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Reject Brexit, German top minister says

Friday June 10 2016

A “No To Brexit” sign on the outskirts of Newry in Northern Ireland. The leaders of 10 major British trade unions have come out in favour of staying in the European Union. PHOTO | AFP

A “No To Brexit” sign on the outskirts of Newry in Northern Ireland. The leaders of 10 major British trade unions have come out in favour of staying in the European Union. PHOTO | AFP  

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German Finance Minister Wolfgang Schaeuble has warned Britain that it would not gain access to the single market if it left the European Union, as Britain’s Labour Party came out fighting for a “Remain” vote.

“That won’t work,” the veteran minister told Germany’s Der Spiegel weekly, which on Saturday plans to publish a German-English edition at home and in Britain with “Please don’t go!” on the cover.

“That would require the country to follow the rules of a club which right now it wants to leave.”

The stark warning by one of Europe’s most senior officials is a blow to “Brexit” supporters, who have argued that Britain could negotiate deals to access the single market similar to those in place for non-members Norway and Switzerland.

With polls on a knife-edge before the June 23 referendum, senior figures in Britain’s opposition Labour party made an impassioned plea to stay in the EU amid fears their failure to get out the left-wing vote may result in a Brexit.

Labour leader Jeremy Corbyn is officially backing the “Remain” campaign but has been keeping a low profile, leaving members of Prime Minister David Cameron’s Conservatives to fight it out between themselves.

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Ahead of a speech in London, former party leader Ed Miliband acknowledged in a BBC interview: “Some Labour voters don’t know where we stand at the moment.”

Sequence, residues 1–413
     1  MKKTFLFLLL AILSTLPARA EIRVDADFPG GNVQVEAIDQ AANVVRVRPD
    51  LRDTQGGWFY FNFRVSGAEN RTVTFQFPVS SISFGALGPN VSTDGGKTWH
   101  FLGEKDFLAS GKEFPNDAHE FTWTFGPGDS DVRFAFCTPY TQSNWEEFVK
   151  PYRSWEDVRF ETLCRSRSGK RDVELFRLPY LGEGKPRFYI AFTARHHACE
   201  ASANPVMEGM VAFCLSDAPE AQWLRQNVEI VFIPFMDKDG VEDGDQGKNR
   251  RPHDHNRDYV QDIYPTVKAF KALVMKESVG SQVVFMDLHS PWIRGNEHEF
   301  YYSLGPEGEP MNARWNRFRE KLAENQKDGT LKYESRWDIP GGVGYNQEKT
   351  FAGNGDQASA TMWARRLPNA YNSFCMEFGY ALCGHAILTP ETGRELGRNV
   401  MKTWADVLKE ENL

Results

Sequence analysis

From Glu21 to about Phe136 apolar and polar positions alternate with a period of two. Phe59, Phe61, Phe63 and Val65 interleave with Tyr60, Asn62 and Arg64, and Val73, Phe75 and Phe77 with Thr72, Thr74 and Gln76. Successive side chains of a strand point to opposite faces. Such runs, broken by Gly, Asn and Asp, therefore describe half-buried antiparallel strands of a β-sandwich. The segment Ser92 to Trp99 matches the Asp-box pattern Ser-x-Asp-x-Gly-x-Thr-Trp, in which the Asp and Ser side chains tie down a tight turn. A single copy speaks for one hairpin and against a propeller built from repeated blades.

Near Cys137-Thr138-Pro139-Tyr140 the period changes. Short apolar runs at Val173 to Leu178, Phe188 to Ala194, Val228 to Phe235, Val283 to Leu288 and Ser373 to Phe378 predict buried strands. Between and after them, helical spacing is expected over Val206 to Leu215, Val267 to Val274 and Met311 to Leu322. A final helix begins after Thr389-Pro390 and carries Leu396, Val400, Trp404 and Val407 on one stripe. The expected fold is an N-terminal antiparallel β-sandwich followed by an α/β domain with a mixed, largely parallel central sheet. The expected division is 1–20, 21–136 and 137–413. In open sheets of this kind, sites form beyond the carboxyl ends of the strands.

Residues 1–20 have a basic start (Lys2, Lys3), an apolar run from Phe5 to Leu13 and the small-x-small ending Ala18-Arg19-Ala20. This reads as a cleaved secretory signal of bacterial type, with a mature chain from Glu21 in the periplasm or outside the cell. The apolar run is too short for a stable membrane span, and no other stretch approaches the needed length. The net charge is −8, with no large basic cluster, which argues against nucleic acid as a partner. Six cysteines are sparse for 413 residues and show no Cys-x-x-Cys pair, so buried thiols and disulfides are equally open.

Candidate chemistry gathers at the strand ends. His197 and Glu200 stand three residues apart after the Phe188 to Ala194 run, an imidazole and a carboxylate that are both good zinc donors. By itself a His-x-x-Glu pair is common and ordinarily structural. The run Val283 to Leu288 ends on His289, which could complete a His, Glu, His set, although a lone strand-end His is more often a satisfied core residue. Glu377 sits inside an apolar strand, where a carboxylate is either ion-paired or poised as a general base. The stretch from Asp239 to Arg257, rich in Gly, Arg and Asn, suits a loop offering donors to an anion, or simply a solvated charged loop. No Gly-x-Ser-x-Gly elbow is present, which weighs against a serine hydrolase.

Corbyn has refused to share a platform with Cameron and there are concerns some Labour voters would abstain or back a Brexit to give the Conservative leader a bloody nose.

Miliband urged them not to, saying: “This is not a mid-term protest... This is a once-in-a-generation decision which will shape our country for decades to come.”

He accused the “Leave” campaign, also backed by the anti-immigration UK Independence Party leader Nigel Farage, of “trying to perpetrate a fraud on Labour voters”.

“They want to get out of the EU not to improve workers’ rights but to sweep them away,” said Miliband, who stepped down after losing last year’s general election.

Labour deputy party leader Tom Watson is due to release predictions of how Britain might look outside the EU, on the premise that Cameron would be ousted in favour of a more right-wing Conservative government.

“The economic turbulence of a Brexit would create a massive black hole in the public finances, and an unfair Tory government that will make ordinary families pay for it through further cuts and tax rises”, he said, according to the Daily Mirror tabloid.

A YouGov poll for The Times this week found public opinion evenly split between leaving or staying in the EU, but Labour voters favoured “Remain” by 61 per cent to 26 per cent, with the remainder either not voting or undecided.

However, Labour voters were also marginally less likely to say they would definitely vote.

The leaders of 10 major trade unions came out in favour of staying in the EU, but many workers blame the mass migration caused by the EU’s freedom of movement rules for driving down wages.

Backbenchers John Mann and Dennis Skinner, announced they were backing Brexit to secure workers’ rights.

In an article for The Sun tabloid, this week, Mann said the arrival of hundreds of thousands of EU migrants into Britain each year was “worsening inequality”.